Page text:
Archive for: August 2010

Rebels attack Chechen leader's home

Chechen president Ramzan Kadyrov's security officers stand above the body of one of the suspected militants.

Ref: At least 19 people have been killed after anti-government fighters launched an attack on the house of Chechnya’s president, local media sources say.

The exchange of fire between Ramzan Kadyroz’s personal security guards and suspected separatists occured in the president’s home village of Tsentoroi on Sunday morning.

The clashes left 12 fighters and two officers dead, Alvi Karimov, a government spokesman, told the AP news agency.

Five civilians were also killed in the crossfire, according to local TV reports.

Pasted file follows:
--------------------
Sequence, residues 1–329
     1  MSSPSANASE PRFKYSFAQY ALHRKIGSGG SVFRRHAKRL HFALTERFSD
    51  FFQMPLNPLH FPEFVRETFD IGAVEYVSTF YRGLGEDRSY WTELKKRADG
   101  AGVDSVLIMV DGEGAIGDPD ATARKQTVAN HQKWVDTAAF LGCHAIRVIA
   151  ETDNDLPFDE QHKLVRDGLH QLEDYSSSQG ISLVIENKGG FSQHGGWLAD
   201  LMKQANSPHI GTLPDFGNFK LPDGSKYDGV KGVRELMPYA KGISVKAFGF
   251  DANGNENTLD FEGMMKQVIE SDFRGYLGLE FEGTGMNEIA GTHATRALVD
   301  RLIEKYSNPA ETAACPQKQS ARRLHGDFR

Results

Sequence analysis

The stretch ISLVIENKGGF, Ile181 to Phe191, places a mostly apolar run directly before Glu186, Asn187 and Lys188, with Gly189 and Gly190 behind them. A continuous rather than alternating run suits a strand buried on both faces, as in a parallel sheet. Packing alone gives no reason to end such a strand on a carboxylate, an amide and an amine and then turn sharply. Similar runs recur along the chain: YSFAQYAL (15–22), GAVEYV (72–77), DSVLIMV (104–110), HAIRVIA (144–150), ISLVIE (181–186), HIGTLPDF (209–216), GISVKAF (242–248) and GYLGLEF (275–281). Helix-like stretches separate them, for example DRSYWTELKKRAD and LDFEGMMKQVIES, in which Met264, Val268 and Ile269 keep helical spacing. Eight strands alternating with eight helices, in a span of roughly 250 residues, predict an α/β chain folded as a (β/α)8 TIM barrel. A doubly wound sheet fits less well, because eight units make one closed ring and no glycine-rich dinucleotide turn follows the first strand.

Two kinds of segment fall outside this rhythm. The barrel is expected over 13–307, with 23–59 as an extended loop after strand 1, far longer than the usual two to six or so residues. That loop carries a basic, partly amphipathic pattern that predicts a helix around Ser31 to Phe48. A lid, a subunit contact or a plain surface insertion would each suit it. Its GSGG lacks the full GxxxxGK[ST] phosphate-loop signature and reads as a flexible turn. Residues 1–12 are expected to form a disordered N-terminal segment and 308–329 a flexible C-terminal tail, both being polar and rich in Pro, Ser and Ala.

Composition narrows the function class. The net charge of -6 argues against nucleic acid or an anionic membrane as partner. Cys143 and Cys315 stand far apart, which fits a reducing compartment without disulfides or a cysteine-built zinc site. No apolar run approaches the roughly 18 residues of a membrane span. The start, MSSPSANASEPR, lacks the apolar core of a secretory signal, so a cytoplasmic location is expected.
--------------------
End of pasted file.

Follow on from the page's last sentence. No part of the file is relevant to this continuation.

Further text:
But Kadyrov, who was in the village at the time of the ambush and directed the counter-offensive operation, has denied the reported civilian deaths. He told local reporters that some civilians were injured but that none were killed.

An AP reporter at the scene claimed to have seen numerous fire-ravaged and bullet-ridden homes that suffered collateral damage, with body parts amid the rubble.

Russia’s volatile North Caucasus region sees daily attacks by separatist fighters seeking independence from Russia.

Kadyrov had previously fought on the side of the rebels in a war with Russia in the early 1990s, but switched sides in 1999 to become an ally of the country. He was then installed by Moscow as the leader of Chechnya in 2007.

Since then, there have been several foiled attempts to assassinate Kadyrov, who has been criticised by rights groups for his harsh crackdown on dissenters.

Somali presidential palace shelled

Ref: Four African Union (AU) peacekeepers have been killed in Mogadishu, the Somali capital, after al-Shabab fighters fired a mortar at the presidential palace.